The rain and strong winds have affected the ripening of the fruit
The pre-monsoon showers may have brought down the temperature, but mango growers in Dharwad district are a worried lot.
The rain, accompanied by wind and hail, has damaged the ripening mangoes.
Mango is the main horticultural crop of the district. This year, it is being grown on 12,000 hectares, with the majority of farmers opting to cultivate the Alphonso variety, known locally as ‘Appus'.
The yield is good once in two years. Last year, the yield was poor. Hence, growers were expecting a better crop this season.
Growers at Mugad, Nigadi, Mavinkopp, Murkatti and Salakinkoppa said the first yield was expected in the next 15 days, but most of the fruits withered. While the farmers claim 70 per cent loss in yeild, officials of the Department of Horticulture estimated it around 15 per cent.
N.R. Mamle Desai, scientist at the University of Agricultural Sciences, Dharwad, advised farmers not to panic. It was natural for pre-monsoon showers to damage the crop, but the moisture in the soil would help the remaining fruits to gain around 30 per cent extra weight, fetching more income, he said.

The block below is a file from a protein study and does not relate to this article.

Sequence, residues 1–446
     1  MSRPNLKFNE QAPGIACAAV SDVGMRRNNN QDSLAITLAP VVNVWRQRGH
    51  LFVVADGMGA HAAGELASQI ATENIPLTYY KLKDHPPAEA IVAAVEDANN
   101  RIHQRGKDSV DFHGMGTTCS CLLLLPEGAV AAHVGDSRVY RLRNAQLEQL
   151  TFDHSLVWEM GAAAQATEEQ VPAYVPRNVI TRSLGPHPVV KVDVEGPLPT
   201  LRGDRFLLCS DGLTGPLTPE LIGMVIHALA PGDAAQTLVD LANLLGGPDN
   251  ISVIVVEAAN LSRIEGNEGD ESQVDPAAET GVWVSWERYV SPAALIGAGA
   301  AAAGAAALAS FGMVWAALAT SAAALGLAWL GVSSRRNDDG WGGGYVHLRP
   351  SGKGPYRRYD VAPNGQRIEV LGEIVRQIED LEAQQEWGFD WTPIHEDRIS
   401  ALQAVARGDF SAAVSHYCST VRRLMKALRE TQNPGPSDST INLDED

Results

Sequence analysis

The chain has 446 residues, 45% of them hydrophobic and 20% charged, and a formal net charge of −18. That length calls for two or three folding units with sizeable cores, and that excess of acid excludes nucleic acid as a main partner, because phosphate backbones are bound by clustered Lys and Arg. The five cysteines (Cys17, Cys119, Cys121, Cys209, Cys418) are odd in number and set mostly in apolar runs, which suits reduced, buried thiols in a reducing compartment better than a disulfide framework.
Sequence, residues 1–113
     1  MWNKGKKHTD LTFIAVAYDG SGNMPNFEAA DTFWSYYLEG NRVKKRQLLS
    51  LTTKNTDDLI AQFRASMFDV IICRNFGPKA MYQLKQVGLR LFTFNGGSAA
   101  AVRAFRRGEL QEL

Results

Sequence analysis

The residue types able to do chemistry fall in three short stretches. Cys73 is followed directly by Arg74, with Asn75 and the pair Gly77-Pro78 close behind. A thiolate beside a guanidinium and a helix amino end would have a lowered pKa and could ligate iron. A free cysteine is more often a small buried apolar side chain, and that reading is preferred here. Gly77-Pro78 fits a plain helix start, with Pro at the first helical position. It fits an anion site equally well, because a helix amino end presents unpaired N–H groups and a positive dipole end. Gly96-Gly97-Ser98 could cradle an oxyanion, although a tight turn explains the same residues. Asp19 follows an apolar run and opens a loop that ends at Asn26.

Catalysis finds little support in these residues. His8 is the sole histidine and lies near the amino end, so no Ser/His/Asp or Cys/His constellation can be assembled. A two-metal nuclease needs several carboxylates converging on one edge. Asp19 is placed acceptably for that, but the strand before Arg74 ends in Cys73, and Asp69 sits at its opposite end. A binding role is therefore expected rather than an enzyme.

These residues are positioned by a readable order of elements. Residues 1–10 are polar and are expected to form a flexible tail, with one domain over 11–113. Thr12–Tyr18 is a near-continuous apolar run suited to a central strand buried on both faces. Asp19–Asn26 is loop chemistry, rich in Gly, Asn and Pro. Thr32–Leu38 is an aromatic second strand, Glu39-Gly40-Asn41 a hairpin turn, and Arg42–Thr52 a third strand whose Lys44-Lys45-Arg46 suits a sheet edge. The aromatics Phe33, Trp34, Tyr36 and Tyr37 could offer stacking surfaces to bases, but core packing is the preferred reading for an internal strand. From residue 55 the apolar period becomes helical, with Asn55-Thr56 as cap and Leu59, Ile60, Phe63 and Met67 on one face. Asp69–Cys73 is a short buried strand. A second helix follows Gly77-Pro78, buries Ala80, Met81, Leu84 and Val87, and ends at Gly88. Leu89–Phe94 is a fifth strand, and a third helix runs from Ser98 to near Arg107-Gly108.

He said the average mango yield was expected to be lower. Hence, growers would get good returns if they avoided middlemen (whose share would be 33 per cent) and waited for the right time to sell their produce.
The university and the Horticulture Department would organise a three-day ‘Mango Mela' here from May 19. Participating farmers had to sell fruits ripened without using calcium carbide, directly to consumers, Mr. Desai said.